“Mr. Watson, come here. I want you.”
Long an icon of American initiative and the inventive spirit, and along with Thomas Edison and a mere handful of others a paradigm of the American Inventor, Alexander Graham Bell was, to almost universal testimony, a brilliant, kind and decent man. But . . .
Inspired by the serendipitous discovery of strikingly similar illustrations in competitor Elisha Gray’s almost simultaneously submitted patent application and an entry in Alexander Graham Bell’s notebooks dated after his own patent application had been filed, author Seth Shulman has written an excellent little book exploring the intriguing question whether certain crucial features of the telephone were in fact stolen.
The Telephone Gambit: Chasing Alexander Graham Bell’s Secret doesn’t prove that Alexander Graham Bell (or someone close to him) stole the invention of the telephone from Elisha Gray. But in 216 pages of text that at times read like a detective story, Shulman does make a very strong prima facie case that it may have happened. He raises an array of powerful, compelling and well-documented arguments that an enormous and successful fraud was perpetrated. But . .
While Shulman’s book is an effective and absorbing indictment – and a very quick read, one which I strongly recommend – it isn’t final proof.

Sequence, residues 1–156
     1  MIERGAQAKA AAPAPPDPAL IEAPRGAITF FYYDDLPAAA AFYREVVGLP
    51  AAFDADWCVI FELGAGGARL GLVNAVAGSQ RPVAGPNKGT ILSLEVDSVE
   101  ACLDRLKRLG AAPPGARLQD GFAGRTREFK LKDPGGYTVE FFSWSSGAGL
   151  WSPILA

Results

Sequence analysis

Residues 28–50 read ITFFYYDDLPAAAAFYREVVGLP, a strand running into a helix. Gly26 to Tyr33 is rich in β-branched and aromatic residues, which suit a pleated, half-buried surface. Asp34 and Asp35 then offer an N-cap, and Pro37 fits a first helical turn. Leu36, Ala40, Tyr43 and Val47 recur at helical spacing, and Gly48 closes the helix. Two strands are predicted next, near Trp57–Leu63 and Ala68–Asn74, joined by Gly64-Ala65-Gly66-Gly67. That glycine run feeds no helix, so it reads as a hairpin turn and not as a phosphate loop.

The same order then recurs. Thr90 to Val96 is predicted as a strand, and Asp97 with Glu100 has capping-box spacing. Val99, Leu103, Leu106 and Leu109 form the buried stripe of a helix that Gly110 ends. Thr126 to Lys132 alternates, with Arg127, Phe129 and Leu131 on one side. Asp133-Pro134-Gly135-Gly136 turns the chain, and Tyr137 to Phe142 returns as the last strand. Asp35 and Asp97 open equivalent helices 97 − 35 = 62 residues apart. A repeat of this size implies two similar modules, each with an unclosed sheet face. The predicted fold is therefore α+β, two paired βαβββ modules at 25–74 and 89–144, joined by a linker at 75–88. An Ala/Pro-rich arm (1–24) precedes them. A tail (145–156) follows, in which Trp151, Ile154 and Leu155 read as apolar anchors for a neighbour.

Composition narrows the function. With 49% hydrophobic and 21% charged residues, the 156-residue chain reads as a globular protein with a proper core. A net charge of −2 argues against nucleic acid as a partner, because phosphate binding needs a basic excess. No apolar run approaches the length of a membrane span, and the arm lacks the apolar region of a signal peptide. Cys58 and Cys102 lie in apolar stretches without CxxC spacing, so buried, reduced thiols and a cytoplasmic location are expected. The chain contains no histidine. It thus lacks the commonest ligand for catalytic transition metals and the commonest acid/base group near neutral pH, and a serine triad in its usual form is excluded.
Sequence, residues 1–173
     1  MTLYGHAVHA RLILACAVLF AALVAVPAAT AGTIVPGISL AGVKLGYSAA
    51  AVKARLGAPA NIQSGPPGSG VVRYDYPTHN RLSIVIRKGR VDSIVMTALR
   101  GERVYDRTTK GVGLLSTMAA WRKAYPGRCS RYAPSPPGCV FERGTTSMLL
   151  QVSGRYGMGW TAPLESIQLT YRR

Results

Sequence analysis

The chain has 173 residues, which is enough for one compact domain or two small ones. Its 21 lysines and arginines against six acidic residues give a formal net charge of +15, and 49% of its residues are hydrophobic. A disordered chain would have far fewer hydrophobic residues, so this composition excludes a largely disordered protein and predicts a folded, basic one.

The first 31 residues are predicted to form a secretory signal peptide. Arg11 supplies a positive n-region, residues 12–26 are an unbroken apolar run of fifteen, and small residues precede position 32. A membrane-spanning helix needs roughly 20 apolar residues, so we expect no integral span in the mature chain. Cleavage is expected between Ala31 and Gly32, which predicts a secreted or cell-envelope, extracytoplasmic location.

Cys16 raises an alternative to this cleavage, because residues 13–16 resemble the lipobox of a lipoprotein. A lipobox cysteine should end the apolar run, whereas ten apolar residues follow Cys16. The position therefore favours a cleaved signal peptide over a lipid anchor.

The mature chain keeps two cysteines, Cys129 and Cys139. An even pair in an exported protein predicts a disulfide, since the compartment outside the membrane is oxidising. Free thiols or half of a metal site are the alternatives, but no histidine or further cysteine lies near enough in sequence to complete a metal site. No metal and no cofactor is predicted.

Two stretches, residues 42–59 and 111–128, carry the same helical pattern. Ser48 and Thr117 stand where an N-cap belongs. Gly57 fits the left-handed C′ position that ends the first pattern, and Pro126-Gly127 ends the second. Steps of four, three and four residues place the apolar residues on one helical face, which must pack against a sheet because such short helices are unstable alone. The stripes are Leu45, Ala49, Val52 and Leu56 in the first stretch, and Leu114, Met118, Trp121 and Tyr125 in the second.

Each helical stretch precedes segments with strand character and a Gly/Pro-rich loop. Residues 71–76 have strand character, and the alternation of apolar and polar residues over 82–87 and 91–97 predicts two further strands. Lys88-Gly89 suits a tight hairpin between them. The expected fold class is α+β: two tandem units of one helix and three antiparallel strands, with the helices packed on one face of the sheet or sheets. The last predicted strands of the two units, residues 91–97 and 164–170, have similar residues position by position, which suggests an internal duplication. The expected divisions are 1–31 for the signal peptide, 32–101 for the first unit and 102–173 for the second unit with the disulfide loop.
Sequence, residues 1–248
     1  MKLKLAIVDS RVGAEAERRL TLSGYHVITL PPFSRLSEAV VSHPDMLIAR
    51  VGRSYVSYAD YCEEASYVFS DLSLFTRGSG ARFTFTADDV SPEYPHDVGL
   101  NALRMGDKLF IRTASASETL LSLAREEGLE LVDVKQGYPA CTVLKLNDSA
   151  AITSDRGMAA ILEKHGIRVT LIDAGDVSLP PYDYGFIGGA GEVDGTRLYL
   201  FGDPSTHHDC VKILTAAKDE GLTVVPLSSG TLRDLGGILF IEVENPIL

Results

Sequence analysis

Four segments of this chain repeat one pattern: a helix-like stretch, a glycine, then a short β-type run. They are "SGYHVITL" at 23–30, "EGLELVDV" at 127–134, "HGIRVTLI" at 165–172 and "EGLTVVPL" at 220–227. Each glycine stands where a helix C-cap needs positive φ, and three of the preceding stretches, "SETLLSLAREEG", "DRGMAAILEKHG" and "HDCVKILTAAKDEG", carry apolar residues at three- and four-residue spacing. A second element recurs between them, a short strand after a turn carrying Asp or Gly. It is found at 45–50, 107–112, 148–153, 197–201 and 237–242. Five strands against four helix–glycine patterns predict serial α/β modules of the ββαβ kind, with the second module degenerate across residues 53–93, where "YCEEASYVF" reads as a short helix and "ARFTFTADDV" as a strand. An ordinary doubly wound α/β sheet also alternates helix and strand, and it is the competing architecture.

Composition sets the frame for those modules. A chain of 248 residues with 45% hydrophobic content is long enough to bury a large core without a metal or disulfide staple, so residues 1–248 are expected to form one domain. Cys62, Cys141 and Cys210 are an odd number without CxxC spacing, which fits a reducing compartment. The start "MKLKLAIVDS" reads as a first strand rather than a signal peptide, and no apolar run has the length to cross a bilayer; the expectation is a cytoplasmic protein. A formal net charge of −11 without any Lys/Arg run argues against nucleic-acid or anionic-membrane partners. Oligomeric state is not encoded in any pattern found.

What’s the case for the defense?
If you’re interested in the history of the telephone or technology, curious about Alexander Graham Bell and his times, an aficionado of 19th century science and society or business and economics, or even a fan of historical whodunits, you’ll almost certainly enjoy this book.
(For those who are interested in further exploration, the Library of Congress retains a massive collection of the Alexander Graham Bell Family Papers. The online version alone includes “4,695 items (totaling about 51,500 images). This presentation contains correspondence, scientific notebooks, journals, blueprints, articles, and photographs documenting Bell’s invention of the telephone and his involvement in the first telephone company, his family life, his interest in the education of the deaf, and his aeronautical and other scientific research.”
Also likely to be of interest is the Public Broadcasting System’s The Telephone, with a rich array of resources relating to one of history’s most significant inventions.)